ALEX: Well, I think the best way to find a trainer would be, if you know the discipline or breed you want to be involved with, there are a lot of publications that trainers advertise in.

Obviously word of mouth, or even going to certain breed-specific shows or discipline-specific shows (like a hunter and jumper show or a trail riding event) and meeting people and searching out the people you feel comfortable with could lead you to purchasing a horse, training that horse for you and going to events and having that coaching aspect involved.

STEVE: A trainer is a real personal decision. There are a lot of guys that are good trainers, but maybe don’t have the best personality. You want to have someone that you’re comfortable with, that you can communicate with and can give you the type of feedback that you need to encourage you to get better at the discipline that you’ve chosen, whether you’re going with a reining horse or a jumping horse.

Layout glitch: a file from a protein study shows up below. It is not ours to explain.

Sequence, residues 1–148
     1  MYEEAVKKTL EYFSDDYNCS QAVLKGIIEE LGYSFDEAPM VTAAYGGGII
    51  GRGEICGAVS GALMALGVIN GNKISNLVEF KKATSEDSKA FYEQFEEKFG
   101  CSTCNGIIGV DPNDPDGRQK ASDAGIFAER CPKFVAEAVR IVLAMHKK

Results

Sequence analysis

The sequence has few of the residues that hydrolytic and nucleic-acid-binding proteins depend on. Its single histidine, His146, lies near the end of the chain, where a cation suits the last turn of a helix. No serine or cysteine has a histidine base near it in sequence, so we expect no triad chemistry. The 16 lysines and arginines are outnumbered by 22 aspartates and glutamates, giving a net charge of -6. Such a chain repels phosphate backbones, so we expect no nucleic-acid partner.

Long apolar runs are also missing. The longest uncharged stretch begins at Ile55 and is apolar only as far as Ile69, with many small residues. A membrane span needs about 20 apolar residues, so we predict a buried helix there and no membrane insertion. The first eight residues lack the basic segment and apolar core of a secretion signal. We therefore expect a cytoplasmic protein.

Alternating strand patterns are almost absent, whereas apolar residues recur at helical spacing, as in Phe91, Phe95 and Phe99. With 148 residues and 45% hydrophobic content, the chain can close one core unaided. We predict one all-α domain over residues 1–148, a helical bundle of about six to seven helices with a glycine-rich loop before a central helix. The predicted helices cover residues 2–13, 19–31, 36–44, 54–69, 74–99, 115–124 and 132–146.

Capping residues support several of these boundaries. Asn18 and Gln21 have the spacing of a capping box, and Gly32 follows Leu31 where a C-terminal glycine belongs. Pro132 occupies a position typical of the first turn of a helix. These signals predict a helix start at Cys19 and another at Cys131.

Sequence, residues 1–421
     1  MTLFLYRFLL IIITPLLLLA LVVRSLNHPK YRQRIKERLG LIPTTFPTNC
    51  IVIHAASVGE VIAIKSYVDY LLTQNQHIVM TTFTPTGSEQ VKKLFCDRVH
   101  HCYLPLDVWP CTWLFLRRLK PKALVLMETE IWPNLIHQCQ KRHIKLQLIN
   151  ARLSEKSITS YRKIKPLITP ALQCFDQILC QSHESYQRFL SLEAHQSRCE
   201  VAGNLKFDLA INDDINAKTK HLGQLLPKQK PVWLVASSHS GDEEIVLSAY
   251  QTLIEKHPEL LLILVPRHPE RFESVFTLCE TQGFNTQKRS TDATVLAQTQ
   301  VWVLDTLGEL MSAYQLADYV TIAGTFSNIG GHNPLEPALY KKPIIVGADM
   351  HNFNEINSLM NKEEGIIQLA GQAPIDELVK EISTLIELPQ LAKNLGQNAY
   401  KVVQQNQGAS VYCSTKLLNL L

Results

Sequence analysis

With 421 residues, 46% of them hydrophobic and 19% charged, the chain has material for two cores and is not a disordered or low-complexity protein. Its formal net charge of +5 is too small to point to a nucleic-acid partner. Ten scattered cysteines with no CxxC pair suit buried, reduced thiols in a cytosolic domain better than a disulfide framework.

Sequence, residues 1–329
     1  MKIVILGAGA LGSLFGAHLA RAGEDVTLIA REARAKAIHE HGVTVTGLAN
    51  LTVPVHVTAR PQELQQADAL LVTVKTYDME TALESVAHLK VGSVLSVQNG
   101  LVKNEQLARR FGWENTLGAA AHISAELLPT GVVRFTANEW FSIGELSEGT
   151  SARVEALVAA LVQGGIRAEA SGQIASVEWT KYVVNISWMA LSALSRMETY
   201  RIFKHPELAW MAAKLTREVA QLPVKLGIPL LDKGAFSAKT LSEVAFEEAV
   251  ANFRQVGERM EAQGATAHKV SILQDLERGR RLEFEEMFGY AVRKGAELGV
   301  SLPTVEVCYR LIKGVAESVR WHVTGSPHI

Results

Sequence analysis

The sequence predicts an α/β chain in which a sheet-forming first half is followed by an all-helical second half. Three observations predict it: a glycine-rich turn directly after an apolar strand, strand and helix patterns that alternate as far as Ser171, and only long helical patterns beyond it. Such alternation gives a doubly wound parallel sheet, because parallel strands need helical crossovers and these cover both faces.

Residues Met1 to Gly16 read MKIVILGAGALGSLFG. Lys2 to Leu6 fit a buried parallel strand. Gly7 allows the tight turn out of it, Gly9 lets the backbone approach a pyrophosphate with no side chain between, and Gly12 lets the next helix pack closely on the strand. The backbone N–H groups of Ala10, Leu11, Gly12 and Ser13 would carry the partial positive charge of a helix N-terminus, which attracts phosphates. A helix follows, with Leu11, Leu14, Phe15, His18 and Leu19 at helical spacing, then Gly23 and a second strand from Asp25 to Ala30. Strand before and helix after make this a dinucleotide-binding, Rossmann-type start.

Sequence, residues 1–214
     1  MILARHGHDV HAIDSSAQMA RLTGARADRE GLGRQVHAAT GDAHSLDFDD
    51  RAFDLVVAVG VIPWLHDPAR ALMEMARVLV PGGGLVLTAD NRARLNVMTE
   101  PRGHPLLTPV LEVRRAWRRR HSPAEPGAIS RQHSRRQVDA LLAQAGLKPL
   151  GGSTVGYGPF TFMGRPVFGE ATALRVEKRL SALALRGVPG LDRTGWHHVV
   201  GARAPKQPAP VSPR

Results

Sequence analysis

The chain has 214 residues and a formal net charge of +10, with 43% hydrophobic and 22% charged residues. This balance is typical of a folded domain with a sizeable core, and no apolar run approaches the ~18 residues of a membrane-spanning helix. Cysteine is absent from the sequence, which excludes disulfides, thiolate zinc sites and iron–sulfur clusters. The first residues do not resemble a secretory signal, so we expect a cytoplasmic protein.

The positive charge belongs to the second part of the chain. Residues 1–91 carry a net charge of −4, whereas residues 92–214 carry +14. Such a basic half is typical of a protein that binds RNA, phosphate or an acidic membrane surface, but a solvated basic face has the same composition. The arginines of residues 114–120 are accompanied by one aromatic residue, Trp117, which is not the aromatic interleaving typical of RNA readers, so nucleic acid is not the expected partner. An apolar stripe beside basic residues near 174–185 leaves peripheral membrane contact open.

Finding people in those particular disciplines is painstaking, but it’s well worth it — especially if you find someone that can communicates at a level that you’re comfortable with and that you get the right kind of feedback — they really help you develop and grow as a horseman and they help your horse develop and grow as well.

ALEX: I think it’s important that a trainer needs to be a good horse trainer but also a good coach to you, because there are two things going on here: It’s you and the horse that have to have a common association, so that trainer’s got to know that horse and how to train that horse, but also be able to coach you in how to get along with that horse and how to go through the aspects of training.